It’s a Funny Old World

Posted by: Jim Wilson on November 22nd, 2016

It’s a funny old world sometimes, one minute everything can be running smoothly and life seem all rosy and good, then out of the blue, you get a jolt which sends everything crashing into chaos and turmoil. Well this very scenario played out in mine, and few close friends lives recently, which kind of sent everything off kilter for a while.

This year I had a spring back in my step when it came to my angling, the mojo was well and truly there and I couldn’t seem to put a foot wrong, particularly on the low-stock, snaggy, weedy wilderness of a pit I’d being fishing. My last blog finished on a big hit from the venue, which obviously left me seriously keen to get back and try and meet a few more of the lakes stunning inhabitants, well due to how well the previous trip had gone I’d decided to get back again as soon as possible, and six days later I was back walking the banks of the big windswept pit.

After a couple of laps of the lake on foot I was sure I’d seen a few fish tucked up on the end of a wind in a shallow-ish area of water, which to get in and out of, they would have to pass through an area of relatively open water, which can be fished from an island point that I’ve found to be a pretty good interception point when the fish move through. Soon enough I had the rods on three relatively familiar spots, two of which I decided to bait heavily from the boat, introducing a bucket full of hemp, pellet, whole and chopped boilies and a good helping of hemp oil added for additional attraction.

Soon enough I was tucked up under the Tempest Brolly, coffee in hand, watching for any further signs. After the disturbance of baiting-up and getting the rods out, all seemed pretty quiet out in front of me, and soon enough the last rays of the evenings sun had dropped over the horizon and I was heading for the sleeping bag. It wasn’t long before I was dragged from the comfort of the bag by a screaming alarm demanding my attention, and soon enough the first fish of the trip was secured in the folds of my Hydro Landing Net, and the session carried on like that really, with a steady flow of action coming my way. I couldn’t quite believe how productive the pit had been through the spring and early summer, it was so out of character that if it wasn’t happening to me I wouldn’t have believed it to be honest. Anyway, the second night of this 48-hour trip was special, really special, as just before dark I caught a stunning dark mirror carp of just over 31lb, and then just before first light I had another absolutely screaming take, which resulted in an obviously heavy fish wedged-up in solid weed, which saw me take to the boat to get above the fish to try and remove it from the monstrous weed bed it had wedged itself up in. Once above it, steady pressure on the braided mainline saw the fish slowly come free from the weed and soon enough I’d slipped the net under a great big mirror, which in the darkness I though was one a mate had caught four or five years previously, and one that I had dearly wanted to catch. Once back on dry land I realised it wasn’t that fish, but one which looked very similar, and what an awesome carp it was, weighing in at 39lb 4oz, and a proper looker at that.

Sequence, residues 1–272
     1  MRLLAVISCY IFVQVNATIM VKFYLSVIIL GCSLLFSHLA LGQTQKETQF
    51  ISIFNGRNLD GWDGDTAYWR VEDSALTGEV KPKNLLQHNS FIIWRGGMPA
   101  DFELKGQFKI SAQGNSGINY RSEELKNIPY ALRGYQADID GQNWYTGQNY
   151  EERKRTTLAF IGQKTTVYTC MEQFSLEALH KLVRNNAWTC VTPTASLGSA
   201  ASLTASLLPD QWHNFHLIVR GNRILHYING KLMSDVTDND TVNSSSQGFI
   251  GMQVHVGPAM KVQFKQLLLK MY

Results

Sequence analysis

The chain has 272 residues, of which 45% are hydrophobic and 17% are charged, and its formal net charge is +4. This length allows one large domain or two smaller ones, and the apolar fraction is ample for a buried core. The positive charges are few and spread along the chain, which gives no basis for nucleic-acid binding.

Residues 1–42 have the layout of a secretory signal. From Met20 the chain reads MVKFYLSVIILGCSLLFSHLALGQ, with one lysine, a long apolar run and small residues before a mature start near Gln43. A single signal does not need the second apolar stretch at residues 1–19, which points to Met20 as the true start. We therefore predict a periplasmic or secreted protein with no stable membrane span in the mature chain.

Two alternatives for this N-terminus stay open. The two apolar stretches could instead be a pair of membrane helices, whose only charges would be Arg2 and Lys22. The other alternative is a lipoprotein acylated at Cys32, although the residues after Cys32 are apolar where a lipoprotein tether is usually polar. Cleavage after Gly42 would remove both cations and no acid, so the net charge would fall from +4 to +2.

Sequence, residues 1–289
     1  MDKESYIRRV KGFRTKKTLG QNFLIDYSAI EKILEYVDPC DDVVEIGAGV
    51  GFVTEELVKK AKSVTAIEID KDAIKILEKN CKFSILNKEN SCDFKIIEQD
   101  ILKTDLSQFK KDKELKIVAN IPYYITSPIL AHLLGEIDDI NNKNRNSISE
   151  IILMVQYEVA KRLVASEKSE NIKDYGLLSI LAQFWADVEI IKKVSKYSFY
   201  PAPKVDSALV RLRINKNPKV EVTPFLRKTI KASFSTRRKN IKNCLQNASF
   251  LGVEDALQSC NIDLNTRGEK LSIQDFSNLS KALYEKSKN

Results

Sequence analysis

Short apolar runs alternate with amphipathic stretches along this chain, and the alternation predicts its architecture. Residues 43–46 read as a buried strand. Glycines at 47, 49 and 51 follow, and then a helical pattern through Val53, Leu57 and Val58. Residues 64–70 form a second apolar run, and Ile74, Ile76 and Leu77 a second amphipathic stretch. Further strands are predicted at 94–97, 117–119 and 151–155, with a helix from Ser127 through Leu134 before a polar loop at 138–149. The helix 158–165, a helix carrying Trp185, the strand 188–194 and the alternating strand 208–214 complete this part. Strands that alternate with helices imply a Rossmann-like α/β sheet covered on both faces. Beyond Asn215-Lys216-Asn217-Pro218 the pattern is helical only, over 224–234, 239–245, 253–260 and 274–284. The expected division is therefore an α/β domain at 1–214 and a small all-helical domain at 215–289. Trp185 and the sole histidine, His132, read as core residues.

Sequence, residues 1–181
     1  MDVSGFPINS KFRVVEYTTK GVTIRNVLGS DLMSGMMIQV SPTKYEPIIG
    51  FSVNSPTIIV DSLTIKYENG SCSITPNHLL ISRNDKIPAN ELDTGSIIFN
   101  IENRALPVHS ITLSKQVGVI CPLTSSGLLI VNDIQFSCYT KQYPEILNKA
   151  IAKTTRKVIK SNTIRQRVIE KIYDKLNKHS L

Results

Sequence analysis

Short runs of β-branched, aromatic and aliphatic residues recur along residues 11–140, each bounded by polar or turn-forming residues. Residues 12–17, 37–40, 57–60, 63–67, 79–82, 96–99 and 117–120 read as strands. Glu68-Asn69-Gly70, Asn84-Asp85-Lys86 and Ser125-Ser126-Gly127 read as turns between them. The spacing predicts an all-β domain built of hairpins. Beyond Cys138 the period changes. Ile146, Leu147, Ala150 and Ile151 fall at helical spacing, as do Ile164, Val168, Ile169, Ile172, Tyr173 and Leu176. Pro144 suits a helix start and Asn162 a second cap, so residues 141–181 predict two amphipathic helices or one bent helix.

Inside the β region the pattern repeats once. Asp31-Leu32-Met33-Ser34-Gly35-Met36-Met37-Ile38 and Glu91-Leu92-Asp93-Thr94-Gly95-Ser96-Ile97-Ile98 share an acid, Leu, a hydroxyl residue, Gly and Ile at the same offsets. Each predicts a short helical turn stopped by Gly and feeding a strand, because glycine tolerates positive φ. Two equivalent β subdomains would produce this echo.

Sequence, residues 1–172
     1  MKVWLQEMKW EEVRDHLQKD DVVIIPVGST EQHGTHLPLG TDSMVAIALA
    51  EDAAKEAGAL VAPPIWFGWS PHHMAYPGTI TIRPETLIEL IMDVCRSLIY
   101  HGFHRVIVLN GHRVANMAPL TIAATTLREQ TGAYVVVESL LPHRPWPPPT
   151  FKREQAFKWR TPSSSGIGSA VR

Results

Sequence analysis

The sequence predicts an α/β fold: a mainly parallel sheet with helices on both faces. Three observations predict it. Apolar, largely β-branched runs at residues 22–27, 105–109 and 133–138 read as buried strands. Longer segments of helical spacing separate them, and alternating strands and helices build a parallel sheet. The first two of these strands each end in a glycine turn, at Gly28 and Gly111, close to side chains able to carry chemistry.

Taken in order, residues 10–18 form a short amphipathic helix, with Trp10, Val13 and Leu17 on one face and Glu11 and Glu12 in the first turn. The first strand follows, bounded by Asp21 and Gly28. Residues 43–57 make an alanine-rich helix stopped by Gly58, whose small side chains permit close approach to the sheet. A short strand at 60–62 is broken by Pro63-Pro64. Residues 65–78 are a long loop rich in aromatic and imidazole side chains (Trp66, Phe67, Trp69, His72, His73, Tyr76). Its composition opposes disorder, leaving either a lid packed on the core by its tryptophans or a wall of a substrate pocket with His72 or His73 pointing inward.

31

A stunning dark old mirror of 31lb.

39lb 4oz

39lb 4oz, and a proper looker at that.

After this action packed trip, I was obviously keen to get back and arranged for a guesty for my best mate JP, soon enough the day of the trip arrived, JP was so excited, and when I sit back and think about it, it’s so easy to see why, the windswept, weedy snaggy pit is a haven, and an absolute one off, and one I’m privileged to have access too. Anyway, the trip for me turned into one of those you dream about, I opted to fish an area of open water which I had been working with bait over the few weeks leading up to the trip, and whilst I was out in the boat baiting up I saw what a can be described as a colossal mirror carp, hanging in one of the dense weed beds off the back of one of my favoured areas, it was massive, once baited up and back on dry land, I sorted a couple of fresh multi-rigs, balanced off the hook baits and flicked the rods out to the spot, all remained relatively quiet the first light, but early morning the following day, I had a belter of a take, and after an awesome battle I soon had another awesome mirror resting in the folds of the net, I recognised the fish as a big 30 I’d met a few weeks previously, I’m not one for repeat captures but this was such an awesome carp that I couldn’t be disappointed by it, and it was once I’d returned her after her moment of fame that I turned to JP and said the one I’d seen from the boat the previous day was probably 10lb bigger, J gave me one of those looks, we all know the one, and whilst having a celebratory brew, the re-cast rod ripped off again. Little did I know what I was attached to, but after a fairly straight forward battle I had a huge mirror carp in the net. Like a baby whale, all 48lb 14oz of mirror that I couldn’t place or recognise, other than to say it was without doubt the one I had seen from the boat the previous day.

playing 48

Little did I know what I was attached to…